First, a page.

I thank all nine Members who spoke on the Bill today - Senators Nash, Bacik, O'Mahony, Davitt, Craughwell, Gavan, Warfield, Higgins and Norris. I noted their contributions and their concerns. I particularly thank Senator Nash for the work he has done on this Bill, and also his co-sponsor, Senator Bacik.
I welcome the opportunity to speak on this Private Members' Bill. Having listened to the opening speeches, I know the sponsors worked hard in bringing this proposed Bill before the House. A great deal of work has been done in the preparation of this Private Members' Bill and as Minister of State at the Department of Business, Enterprise and Innovation with responsibility for employment affairs, I commend the Senators accordingly.
I also appreciate and understand the reasoning behind this Bill, in that it seeks to remedy what the Senators perceive to be a fault in the industrial relations mechanism. I note that the stated purpose of this Bill is give statutory powers of appointment to the Labour Court in the process for setting up a joint labour committee.
Joint labour committees are bodies established under the Industrial Relations Acts to provide machinery for fixing statutory minimum rates of pay and conditions of employment for employees across various sectors. They may be set up by the Labour Court on the application of the Minister for Business, Enterprise and Innovation, a trade union or any organisation claiming to be representative of such workers or such employers.
The joint labour committees' wage-setting mechanisms provide a framework within which employers and employee representatives, through the joint labour committee system, can come together voluntarily and negotiate terms and conditions of workers in their respective sectors. Once agreed, and once the Minister of the day has approved and accepted the approach taken by the Labour Court in approving the recommendation, the terms and conditions are given effect by way of ministerial order, known as an employment regulation order, ERO, for the sector. Currently, EROs are in place for the contract cleaning and security industries.
The word "voluntary" has been mentioned by many Senators here today. It is precisely the voluntary nature of parties coming together to agree terms and make commitments which underpins, validates and gives strength to the resulting employment regulation orders.
In should be noted that a revised framework for wage setting under the joint labour committee framework was introduced through the Industrial Relations (Amendment) Act 2012. The Industrial Relations (Amendment) Act 2015 provided a new statutory framework for establishing minimum rates of remuneration, pension and sick pay, in the form of sector employment orders. That Industrial Relations Act also ensured that where an employer does not engage in collective bargaining, an effective framework exists that allows a trade union to have the remuneration and terms and conditions of its members assessed against relevant comparators and determined in a binding way by the Labour Court. This has been successfully used by trade unions, and this Government will continue to support the important role that trade unions play in our society.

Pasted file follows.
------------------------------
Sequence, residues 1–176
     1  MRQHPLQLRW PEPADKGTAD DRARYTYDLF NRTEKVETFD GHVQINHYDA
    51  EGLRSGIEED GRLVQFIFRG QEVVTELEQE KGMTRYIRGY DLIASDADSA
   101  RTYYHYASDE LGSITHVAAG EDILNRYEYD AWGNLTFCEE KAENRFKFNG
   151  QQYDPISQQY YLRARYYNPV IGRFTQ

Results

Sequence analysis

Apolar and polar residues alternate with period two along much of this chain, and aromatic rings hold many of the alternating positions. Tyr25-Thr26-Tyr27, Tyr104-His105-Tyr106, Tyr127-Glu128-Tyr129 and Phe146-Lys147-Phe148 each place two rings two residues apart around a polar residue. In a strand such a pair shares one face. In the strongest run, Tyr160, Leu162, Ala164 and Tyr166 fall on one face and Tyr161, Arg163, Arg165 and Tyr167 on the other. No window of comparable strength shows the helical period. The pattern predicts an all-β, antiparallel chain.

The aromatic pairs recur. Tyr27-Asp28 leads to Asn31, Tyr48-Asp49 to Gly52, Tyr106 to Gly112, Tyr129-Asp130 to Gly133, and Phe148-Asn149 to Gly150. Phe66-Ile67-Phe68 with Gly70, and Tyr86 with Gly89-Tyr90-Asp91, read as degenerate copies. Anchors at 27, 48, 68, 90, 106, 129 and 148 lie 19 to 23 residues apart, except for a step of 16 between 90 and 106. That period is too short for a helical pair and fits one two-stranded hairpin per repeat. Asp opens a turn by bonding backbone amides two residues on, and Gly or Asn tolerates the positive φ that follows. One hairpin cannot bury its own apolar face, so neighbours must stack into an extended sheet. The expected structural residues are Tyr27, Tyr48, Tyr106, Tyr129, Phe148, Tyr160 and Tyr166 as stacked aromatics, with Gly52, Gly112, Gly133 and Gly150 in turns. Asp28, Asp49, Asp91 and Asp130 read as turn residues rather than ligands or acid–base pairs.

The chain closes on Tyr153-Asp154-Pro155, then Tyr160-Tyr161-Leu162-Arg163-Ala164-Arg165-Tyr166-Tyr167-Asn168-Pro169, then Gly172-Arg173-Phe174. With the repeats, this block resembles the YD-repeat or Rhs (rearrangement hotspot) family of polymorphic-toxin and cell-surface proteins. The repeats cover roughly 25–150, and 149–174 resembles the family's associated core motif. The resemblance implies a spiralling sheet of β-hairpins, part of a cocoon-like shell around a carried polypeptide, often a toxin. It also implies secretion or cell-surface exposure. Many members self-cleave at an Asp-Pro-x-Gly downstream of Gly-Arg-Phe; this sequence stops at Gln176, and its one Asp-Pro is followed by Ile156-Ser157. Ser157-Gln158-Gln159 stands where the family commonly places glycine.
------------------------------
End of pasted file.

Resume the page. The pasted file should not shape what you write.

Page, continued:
The 2015 Act was the culmination of a process of in-depth consultation with stakeholders, including employer and worker representatives, and included a review of the experience of the operation of the existing legislative framework as put in place under the Industrial Relations Acts 2001 and 2004.
It is important to note a joint labour committee is composed of equal numbers of representatives of employers and workers in an employment sector. The committee meets under an independent chairman, an industrial relations officer of the Workplace Relations Commission, appointed by the Minister, to discuss and agree proposals for terms and conditions to apply to specified grades or categories of workers in the sector concerned.
Where parties fail to reach agreement or do not engage in process, the Act allows the chairperson to refer the matter to the Labour Court. The Labour Court will then make a recommendation on the matter.
Our laws do not try to impose a solution on parties to a trade dispute but rather are designed to help support the parties in resolving their differences. The State has, by and large, confined its role to underpinning voluntarism through the provision of a framework and institutions through which good industrial relations can prosper. Unfortunately, this Bill fails to properly appreciate the tried and trusted voluntary nature of industrial relations in Ireland and does not try to achieve a sense of balance or reasonableness. That sense of balance is extremely important for us all.
I must again emphasise that Ireland's system of industrial relations is essentially voluntary in nature and that responsibility for the resolution of industrial disputes between employers and workers rests in the first instance with the employer, the workers and their representatives.
For its part, the State provides the industrial relations dispute settlement mechanisms to support parties in their efforts to resolve their differences. Deputies across the board will agree-----